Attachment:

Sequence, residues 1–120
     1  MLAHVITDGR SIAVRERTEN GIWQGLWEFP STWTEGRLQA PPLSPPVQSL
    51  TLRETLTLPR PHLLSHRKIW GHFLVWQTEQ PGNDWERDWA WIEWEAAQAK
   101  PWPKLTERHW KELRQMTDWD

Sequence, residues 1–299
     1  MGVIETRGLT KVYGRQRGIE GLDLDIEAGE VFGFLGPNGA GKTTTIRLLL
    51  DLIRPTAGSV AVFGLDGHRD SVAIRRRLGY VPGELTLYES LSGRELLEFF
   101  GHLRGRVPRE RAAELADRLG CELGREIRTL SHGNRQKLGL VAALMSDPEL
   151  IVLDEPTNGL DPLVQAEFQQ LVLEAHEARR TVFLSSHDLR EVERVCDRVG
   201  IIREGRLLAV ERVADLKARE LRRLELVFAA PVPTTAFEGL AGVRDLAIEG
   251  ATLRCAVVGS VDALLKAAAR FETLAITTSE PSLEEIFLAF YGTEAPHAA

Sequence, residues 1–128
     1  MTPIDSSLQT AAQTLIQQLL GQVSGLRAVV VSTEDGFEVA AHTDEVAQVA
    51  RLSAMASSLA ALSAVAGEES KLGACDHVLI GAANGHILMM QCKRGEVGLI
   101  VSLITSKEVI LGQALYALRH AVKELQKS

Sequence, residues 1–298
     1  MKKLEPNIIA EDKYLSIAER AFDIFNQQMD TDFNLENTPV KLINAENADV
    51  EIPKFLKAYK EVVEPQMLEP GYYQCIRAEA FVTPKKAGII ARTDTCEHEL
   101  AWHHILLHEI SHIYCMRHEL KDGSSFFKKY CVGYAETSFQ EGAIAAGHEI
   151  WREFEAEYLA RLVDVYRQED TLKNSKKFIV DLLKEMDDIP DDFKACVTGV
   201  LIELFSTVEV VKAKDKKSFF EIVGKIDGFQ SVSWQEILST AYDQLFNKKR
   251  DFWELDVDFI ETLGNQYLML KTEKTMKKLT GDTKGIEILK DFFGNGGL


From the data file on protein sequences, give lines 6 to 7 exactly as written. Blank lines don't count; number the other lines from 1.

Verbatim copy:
     1  MGVIETRGLT KVYGRQRGIE GLDLDIEAGE VFGFLGPNGA GKTTTIRLLL
    51  DLIRPTAGSV AVFGLDGHRD SVAIRRRLGY VPGELTLYES LSGRELLEFF